Nostalgia may be the rage in music’s chillier climes these days, but for a group on the return, like Seefeel, it’s a dangerous game: tread too close to the band’s original “sound,” perfected on a string of three albums across the mid 1990s, and it’s irrelevant; stray too far from expectations, and it’s a dilettante. Seefeel was, of course, the quiet pioneer of the Warp label, the first group signed that played guitars, and alongside Broadcast, the most forthright when it came to reconciling electronics music and pop — though by the time of Succour, its 1995 album, the latter had largely fallen by the wayside. But pioneering has a funny way of feeling old hat, 15 years on — which is precisely how long it’s been since its understated album of post-Succour flotsam, (Ch-Vox), released on Rephlex in 1996.
But to cut to the chase, Seefeel has managed somehow to reconcile all of those different responses and emotions — apprehension, expectation, impatience, the simple fear that it might bore the pants off you — and run off with the title. Seefeel takes approximately one minute to be exactly like you want Seefeel to be — at the very moment its typically denuded, spasmodic rhythm patterns kick in, on “Dead Guitars,” it can’t be anyone else. There may be two new members on board, E-Da and Shigeru Ishihara replacing Darren Seymour and Justin Fletcher, but the internal consistency of Seefeel proves that Mark Clifford and Sarah Peacock were always the torch-bearers, and if you’ve clocked what’s missing from their other (admittedly rather excellent) projects — Disjecta, Woodenspoon, Sneakster, Cliffordandcalix for Clifford, or Scala and January for Peacock — you’ll know theirs is a peculiar alchemy. For what it’s worth, E-Da and Ishihara add rock-solid heft to the bottom end, the rhythms as imposing and structurally hefty as ever, the bass navigating that airless space between the dread of dub and the amorphous drift of isolationist electronics.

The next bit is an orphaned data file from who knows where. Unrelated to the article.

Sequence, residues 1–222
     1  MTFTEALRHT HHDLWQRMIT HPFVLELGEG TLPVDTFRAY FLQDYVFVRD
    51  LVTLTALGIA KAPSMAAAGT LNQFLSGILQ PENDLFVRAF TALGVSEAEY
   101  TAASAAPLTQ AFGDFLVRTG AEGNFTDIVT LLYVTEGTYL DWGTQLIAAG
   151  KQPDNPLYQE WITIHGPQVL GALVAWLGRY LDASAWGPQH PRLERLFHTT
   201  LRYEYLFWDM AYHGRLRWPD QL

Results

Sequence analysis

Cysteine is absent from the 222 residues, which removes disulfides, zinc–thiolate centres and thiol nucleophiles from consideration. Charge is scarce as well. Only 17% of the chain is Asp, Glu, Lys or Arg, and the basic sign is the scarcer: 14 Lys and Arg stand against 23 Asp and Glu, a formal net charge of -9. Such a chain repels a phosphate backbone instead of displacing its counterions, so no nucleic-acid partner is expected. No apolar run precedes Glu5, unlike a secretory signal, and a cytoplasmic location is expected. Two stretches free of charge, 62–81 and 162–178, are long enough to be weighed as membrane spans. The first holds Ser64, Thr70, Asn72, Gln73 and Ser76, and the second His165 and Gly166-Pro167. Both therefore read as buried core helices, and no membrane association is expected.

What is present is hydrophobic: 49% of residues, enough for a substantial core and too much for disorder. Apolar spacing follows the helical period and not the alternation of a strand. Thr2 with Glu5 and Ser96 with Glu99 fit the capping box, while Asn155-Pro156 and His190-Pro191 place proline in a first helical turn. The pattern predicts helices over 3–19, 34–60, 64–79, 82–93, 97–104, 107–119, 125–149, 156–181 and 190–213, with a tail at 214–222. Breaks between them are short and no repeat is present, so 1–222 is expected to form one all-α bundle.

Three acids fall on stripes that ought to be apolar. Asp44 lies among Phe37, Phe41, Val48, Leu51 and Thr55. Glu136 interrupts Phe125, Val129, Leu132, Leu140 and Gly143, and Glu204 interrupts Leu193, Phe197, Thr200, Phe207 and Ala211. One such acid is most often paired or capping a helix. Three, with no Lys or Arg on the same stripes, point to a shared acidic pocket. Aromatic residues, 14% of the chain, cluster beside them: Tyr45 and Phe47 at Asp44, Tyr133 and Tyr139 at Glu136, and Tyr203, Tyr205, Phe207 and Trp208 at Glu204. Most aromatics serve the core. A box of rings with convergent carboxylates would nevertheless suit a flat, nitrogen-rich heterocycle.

But it’s ultimately all about the guitars, and if Seefeel’s first wave of releases subtly rejigged your notion of what guitars could do, turning “an orgasm into an environment,” as Simon Reynolds once memorably put it, here it has you thinking of how tough and grainy the guitar<->processing interface can be. On “Dead Guitars,” the hymned instrument hums like striplights, grinds like teeth, scrapes and claws like nails against polystyrene. Further into the album, on more extended tracks like “Step Down” and “Aug30,” some of the jouissance of yore returns, but brittle with it, as though at any moment it could go molten. It’s this kind of textural insight, a rare touch of Clifford’s in particular, that has Seefeel’s return feeling more vital than most.
It is, in short, the sound of a group confidently, and unassumingly, re-defining its own universe. As we like to say around these parts, welcome the fuck back.